Misframing Men: The Politics of Contemporary Masculinities

Rutgers University Press
Free sample


This past decade has witnessed an extraordinary transformation in men's lives. For years, wave after wave of the women's movement, a movement that reshaped every aspect of American life, produced nary a ripple among men. But suddenly men are in the spotlight.

Yet, the public discussions often seem strained, silly, and sometimes flat-out wrong. The spotlight itself seems to obscure as much as it illuminates. Old tired clichTs about men's resistance to romantic commitment or reluctance to be led to the marriage altar seem perennially recyclable in advice books and on TV talk shows, but these days the laughter feels more forced, the defensiveness more pronounced. Pop biologists avoid careful confrontation with serious scientific research in their quest to find anatomical or evolutionary bases for promiscuity or porn addiction, hoping that by fiat, one can pronounce that "boys will be boys" and render it more than a flaccid tautology. And political pundits wring their hands about the feminization of American manhood, as if gender equality has neutered these formerly proud studs. Misframing Men, a collection of Michael Kimmel's commentaries on contemporary debates about masculinity, argues that the media have largely misframed this debate.

Kimmel, among the world's best-known scholars in gender studies, discusses political moments such as the Virginia Military Institute and Citadel cases that reached the Supreme Court (he participated as expert witness for the Justice Department) along with Promise Keepers rallies, mythopoetic gatherings, and white supremacists. He takes on antifeminists as the real male bashers, questions the unsubstantiated assertions that men suffer from domestic violence to the same degree as women, and examines the claims made by those who want to rescue boys from the "misandrous" reforms initiated by feminism.

In writings both solidly grounded and forcefully argued, Kimmel pushes the boundaries of today's modern conversation about men and masculinity.
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Additional Information

Publisher
Rutgers University Press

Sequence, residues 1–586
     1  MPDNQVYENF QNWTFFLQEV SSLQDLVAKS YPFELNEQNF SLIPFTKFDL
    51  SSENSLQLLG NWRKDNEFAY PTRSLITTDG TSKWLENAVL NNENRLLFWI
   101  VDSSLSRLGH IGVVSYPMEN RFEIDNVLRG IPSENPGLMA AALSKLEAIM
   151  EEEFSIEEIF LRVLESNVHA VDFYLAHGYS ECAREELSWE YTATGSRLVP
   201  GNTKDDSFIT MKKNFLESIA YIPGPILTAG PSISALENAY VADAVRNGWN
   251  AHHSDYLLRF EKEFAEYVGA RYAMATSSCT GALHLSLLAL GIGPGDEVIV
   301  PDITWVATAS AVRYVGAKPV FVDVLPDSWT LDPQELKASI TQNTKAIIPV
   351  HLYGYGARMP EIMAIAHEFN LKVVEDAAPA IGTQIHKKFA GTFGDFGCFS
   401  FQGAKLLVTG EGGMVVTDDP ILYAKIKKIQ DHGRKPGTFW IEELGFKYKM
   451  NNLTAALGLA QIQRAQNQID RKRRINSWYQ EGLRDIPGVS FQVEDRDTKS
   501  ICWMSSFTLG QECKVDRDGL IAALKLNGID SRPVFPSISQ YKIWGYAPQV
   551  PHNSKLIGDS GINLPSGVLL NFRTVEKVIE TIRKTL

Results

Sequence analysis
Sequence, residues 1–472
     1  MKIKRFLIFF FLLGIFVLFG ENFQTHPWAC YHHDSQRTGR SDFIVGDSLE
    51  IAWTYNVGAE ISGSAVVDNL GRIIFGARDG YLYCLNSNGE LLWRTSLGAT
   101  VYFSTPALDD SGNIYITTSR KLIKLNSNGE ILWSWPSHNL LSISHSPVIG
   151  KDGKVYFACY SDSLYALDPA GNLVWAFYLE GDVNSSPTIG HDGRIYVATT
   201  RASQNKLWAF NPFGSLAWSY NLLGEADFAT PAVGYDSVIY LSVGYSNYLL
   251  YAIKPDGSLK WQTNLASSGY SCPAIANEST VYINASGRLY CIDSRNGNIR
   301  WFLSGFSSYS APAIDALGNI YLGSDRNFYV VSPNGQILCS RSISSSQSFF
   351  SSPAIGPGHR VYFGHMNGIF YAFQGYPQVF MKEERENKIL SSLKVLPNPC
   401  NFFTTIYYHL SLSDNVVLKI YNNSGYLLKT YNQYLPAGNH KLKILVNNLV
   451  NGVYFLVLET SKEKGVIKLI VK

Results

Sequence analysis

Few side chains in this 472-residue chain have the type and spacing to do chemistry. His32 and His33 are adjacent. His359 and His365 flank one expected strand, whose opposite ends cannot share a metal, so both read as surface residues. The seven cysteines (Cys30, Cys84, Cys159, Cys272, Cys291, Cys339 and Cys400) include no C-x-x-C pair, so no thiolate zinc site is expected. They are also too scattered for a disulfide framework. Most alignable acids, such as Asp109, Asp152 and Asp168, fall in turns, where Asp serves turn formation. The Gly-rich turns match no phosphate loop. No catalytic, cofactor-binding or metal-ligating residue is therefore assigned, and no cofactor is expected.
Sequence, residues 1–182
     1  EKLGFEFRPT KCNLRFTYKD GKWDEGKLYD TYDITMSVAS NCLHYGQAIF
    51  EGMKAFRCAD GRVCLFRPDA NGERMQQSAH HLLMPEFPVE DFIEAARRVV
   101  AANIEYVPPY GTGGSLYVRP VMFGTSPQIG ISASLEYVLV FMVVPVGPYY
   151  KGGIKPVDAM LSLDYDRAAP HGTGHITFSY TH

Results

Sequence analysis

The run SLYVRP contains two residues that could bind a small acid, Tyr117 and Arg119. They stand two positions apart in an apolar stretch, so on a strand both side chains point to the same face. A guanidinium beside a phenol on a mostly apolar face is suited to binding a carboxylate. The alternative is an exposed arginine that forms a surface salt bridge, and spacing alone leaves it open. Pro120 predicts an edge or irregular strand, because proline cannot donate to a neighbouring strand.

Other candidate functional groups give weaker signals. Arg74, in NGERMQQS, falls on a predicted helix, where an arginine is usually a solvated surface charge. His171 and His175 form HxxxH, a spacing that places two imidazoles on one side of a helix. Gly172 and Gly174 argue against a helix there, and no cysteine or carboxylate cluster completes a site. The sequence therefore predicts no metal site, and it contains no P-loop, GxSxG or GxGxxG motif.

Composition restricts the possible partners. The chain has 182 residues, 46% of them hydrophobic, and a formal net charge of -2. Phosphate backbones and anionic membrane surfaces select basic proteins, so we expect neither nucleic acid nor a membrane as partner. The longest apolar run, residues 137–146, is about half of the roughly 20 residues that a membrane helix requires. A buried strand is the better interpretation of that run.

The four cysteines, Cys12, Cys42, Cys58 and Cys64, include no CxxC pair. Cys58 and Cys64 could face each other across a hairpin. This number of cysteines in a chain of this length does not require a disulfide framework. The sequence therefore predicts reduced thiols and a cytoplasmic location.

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Published on
May 20, 2010
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Pages
256
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ISBN
9780813549750
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Best For
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Language
English
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Genres
Social Science / Men's Studies
Social Science / Sociology / General
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Content Protection
This content is DRM protected.
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The concept and reality of revolution continue to pose some of the most challenging and important questions in the world today. What causes revolution? Why do some people participate in revolutionary events while others do not? What is the role of religion and ideology in causing and sustaining revolution? Why do some revolutions succeed and some fail? These questions have preoccupied philosophers and social scientists for centuries. In Revolution, Michael S. Kimmel examines why the study of revolution has attained such importance and he provides a systematic historical analysis of key ideas and theories.The book surveys the classical perspectives on revolution offered by nineteenth- and early twentieth-century theorists, such as Marx, Weber, Durkheim, Tocqueville, and Freud. Kimmel argues that their perspectives on revolution were affected by the reality of living through the revolutions of 1848 and 1917, a reality that raised crucial issues of class, state, bureaucracy, and motivation.The author then turns to the interpretations of revolution offered by social scientists in the post-World War II period, especially modernization theory and social psychological theories. Here, he contends that the relative quiescence of the 1950s cast revolutions in a different light, which was poorly suited to explain the revolutionary upheavals that have marked the 1960s, 1970s, and 1980s. With reference to the work of Barrington Moore, Theda Skocpol, Immanuel Wallerstein, and Charles Tilly, among others, Kimmel develops the criteria for a structural theory of revolution. This lucid, accessible account includes contemporary analyses of the Nicaraguan, Iranian, and Angolan revolutions.
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